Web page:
Most of the higher frequency bands such as UV are filtered by layers in the atmosphere or reflected by clouds. The diagram above indicates that not all of these bands reach the surface level. Effectively the atmosphere has sun screens to filter the more energetic and potentially more harmful rays such as UV and X-rays. In absorbing the energy of these rays these atmospheric layers are energised and become ionised to form plasma in the ionosphere.
The ionosphere is electrically charged and very conductive. Its interaction with the earth’s magnetic field causes electric currents to flow through it. These currents in turn create additional magnetic fields. The incoming radiation and energisation causes streams of plasma to boil off from the ionosphere and to rise up higher in the atmosphere. These in turn interact with earth’s magnetic field. They are contained by it and directed back towards the earth.
These plasma flows form a huge Plasmasphere around the planet that is shaped by the earth’s magnetic field. This is illustrated in the diagram above. This containment of the plasma is very important, as otherwise significant portions of the atmosphere would gradually leak off into space. Likewise, water vapour from the oceans rising through the atmosphere could gradually leak into space, if there were no containment at this level. Our planetary water resources as well as our atmosphere could be boiled off without it.
There is another stream of energy coming from the sun in addition to light radiation. The abundant energy of the sun creates a huge plasma ball around it known as its corona. The sun has its own magnetic field which mostly contains this plasma within a plasma sphere. However, the containment isn’t perfect. Some of the plasma leaks through cracks in the magnetic containment and shoots away from the sun in high speed jets to form what is known as the solar wind.
Disturbances on the sun create local sun spots, solar flares and plasma eruptions known as corona mass ejections (CMEs). These further contribute to the plasma flow from the sun and the solar wind. The solar wind propagates out through the solar system striking any planets along the way. As a stream of plasma, it is very energised matter that has strong electrical and magnetic characteristics. The variations in the solar wind create what is known as space weather.
The solar wind approaching the earth is influenced by the earth’s magnetic field. The earth’s magnetic field derives mostly from the earth’s core with contributions from the currents in the ionosphere. This interacts with the stream of electrically charged plasma particles flowing from the sun deflecting the flow around the planet. This zone of magnetic interaction with the solar wind is known as the magnetosphere. It is illustrated in the diagram below.
The magnetosphere acts as a deflection field directing the solar wind and any additional cosmic plasma flows coming in from outside the solar system around the planet. The sun has its own magnetic field reaching out through the solar system. The solar wind is also magnetised. The nature of these external magnetic fields, shown to the left in the diagram above as IMF (Interplanetary Magnetic Field), influences the nature and strength of the interaction with the earth’s magnetic field.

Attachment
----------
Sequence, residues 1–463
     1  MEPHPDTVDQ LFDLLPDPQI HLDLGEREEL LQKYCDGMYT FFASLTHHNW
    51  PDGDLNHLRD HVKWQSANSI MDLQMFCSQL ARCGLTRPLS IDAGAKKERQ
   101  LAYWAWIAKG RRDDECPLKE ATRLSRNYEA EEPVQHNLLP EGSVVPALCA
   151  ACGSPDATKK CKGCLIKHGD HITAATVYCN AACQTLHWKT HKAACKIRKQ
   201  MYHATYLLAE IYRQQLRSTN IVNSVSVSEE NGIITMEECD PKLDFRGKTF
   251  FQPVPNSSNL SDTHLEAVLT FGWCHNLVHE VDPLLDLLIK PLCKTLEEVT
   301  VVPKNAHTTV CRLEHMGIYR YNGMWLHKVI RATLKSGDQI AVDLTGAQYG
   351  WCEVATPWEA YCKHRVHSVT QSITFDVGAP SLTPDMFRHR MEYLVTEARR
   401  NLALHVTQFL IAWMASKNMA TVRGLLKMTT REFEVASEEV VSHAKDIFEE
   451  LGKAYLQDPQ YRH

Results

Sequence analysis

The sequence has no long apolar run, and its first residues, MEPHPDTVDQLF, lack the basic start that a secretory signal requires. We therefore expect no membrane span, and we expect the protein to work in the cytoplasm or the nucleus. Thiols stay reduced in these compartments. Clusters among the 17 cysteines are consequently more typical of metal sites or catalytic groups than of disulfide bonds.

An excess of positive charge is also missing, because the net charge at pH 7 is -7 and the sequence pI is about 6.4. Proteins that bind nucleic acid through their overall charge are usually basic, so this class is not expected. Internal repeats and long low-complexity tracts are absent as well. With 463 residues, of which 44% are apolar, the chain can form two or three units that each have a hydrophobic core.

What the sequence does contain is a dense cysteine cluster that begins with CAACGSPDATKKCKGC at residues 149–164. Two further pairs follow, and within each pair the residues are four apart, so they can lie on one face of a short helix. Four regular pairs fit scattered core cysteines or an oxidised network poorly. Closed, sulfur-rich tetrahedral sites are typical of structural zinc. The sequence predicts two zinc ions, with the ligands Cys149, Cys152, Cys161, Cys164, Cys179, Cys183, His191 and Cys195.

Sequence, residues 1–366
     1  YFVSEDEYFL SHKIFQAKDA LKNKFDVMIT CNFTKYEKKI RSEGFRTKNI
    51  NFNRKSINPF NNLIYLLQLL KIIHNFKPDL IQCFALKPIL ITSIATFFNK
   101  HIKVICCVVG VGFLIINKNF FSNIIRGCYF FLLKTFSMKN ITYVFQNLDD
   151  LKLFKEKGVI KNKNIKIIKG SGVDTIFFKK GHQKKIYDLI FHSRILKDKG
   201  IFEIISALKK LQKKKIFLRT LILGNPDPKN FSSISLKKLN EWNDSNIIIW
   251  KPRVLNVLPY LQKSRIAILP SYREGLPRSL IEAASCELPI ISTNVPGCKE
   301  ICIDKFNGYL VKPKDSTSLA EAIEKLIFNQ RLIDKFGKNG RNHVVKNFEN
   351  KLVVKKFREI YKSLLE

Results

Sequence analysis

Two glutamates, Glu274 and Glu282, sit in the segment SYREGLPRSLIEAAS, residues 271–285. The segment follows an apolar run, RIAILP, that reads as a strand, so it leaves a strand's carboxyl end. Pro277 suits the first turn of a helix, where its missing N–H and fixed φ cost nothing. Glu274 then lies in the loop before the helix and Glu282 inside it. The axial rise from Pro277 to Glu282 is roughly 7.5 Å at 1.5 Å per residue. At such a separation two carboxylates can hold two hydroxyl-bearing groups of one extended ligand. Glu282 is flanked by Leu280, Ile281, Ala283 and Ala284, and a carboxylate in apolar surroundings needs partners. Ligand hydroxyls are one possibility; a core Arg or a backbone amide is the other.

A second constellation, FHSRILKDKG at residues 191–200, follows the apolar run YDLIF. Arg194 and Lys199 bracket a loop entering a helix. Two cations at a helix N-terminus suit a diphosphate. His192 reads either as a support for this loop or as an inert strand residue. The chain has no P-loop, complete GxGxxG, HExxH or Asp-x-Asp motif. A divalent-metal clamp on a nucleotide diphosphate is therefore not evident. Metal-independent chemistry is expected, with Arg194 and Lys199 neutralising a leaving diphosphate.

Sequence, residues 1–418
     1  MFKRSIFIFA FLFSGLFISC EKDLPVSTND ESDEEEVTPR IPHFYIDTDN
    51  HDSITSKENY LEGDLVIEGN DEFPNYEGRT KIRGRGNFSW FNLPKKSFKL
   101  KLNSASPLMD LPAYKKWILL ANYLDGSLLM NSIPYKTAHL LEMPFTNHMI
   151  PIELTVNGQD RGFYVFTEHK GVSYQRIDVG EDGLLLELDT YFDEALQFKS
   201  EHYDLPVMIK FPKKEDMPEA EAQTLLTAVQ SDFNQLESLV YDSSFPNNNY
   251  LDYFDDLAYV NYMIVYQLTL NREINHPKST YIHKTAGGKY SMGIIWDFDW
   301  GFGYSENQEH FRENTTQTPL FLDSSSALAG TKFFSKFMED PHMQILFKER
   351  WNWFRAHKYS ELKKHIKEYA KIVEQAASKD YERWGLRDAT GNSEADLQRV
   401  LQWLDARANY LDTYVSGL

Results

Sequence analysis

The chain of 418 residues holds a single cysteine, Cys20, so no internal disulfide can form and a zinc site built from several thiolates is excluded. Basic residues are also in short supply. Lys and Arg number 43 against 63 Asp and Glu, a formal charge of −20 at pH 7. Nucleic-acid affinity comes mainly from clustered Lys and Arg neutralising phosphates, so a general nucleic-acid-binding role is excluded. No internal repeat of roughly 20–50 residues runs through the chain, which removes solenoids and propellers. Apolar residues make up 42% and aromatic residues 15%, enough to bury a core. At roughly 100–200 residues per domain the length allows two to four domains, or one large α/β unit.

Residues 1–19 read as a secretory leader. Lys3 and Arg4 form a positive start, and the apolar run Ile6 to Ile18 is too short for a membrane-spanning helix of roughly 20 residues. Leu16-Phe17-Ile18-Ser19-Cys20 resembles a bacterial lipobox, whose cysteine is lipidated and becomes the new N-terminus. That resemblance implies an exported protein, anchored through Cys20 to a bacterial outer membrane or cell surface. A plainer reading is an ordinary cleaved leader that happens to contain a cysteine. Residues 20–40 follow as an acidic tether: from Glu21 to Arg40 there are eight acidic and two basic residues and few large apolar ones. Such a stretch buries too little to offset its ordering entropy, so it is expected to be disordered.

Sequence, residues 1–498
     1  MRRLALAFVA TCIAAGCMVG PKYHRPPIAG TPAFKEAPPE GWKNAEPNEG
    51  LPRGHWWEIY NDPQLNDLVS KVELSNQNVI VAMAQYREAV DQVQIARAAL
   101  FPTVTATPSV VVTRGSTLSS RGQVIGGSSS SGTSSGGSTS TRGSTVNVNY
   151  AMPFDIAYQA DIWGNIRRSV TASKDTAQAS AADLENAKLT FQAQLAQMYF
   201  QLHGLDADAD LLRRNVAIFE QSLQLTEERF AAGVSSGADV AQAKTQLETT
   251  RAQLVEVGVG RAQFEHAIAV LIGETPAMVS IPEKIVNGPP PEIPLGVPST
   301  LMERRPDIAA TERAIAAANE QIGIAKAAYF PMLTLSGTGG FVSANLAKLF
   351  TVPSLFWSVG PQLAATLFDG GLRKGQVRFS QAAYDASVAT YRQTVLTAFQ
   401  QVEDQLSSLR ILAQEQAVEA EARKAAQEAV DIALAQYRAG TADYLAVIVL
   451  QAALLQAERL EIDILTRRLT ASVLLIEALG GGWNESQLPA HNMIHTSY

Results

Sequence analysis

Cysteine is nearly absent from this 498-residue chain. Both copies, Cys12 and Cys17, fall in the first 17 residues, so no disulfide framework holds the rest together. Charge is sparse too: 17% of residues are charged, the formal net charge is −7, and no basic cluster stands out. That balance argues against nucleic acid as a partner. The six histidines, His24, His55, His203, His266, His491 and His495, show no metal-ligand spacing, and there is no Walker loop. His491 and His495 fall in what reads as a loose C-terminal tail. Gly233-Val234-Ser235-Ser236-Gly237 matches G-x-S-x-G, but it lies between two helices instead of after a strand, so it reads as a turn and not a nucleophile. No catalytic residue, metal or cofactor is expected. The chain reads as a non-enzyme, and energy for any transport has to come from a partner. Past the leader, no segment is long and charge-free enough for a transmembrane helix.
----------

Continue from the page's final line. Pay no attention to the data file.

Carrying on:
The magnetosphere has more the shape of a comet with a long tail than that of a sphere. The plasma zone and magnetic fields are compressed on the sun facing side of the planet, to the left in the diagram above. The plasma currents in the solar wind diverge around the planet and gradually come together again in the wake of the planet. The plasma currents drag the earth’s magnetic field with them into an extended magneto tail on the side of the planet facing away from the sun. This tail extends over a large distance.
There are some additional structures within the magnetosphere. The Van Allen Radiation Belts comprise pockets of energised plasma within the magnetosphere. There are two levels to this – an inner layer of heavier positively charged protons and an outer layer of lighter negatively charged electrons. There is a zone in the southern Atlantic where the Van Allen belts dip into the lower atmosphere weakening the earth’s magnetic field in that region. This is known as the South Atlantic Anomaly.
Earth’s magnetic field lines converge on the planet near the North and South poles. These carry plasma currents into the middle atmosphere layers, where they manifest as the Aurora Lights. When there is a lot of electrical activity due to a lively solar wind the Aurora currents are stronger. Also, the nature of the fields in the incoming solar winds can cause the Aurora currents and associated lights to spread out from the Poles and to appear at lower latitudes.
The magnetosphere provides a significant interface between solar influence and the earth. It is where earth meets the sun and interacts with its energy flows. The ionosphere is a significant part of this interaction. The flow of energy from the sun impacts the planet as space weather. This space weather is mediated through the magnetosphere and ionosphere. This is known and studied as the Sun-Earth Connection. See Refs [7, 8 & 9].
These solar energy flows and influences propagate down through the atmosphere to influence both atmospheric and ocean currents. These in turn distribute the inflowing energy on the surface of the planet to create our normal climates and weather. See Ref  for a beautiful animation by NASA of solar influences impacting the planet and providing the energy to drive our weather systems. This is well worth viewing.
The magnetosphere and ionosphere play key roles in protecting the planet. They provide a deflection field to divert excessive or potentially harmful incoming energy flows around the planet. The also play a significant role in preventing the evaporation of our atmosphere and oceans.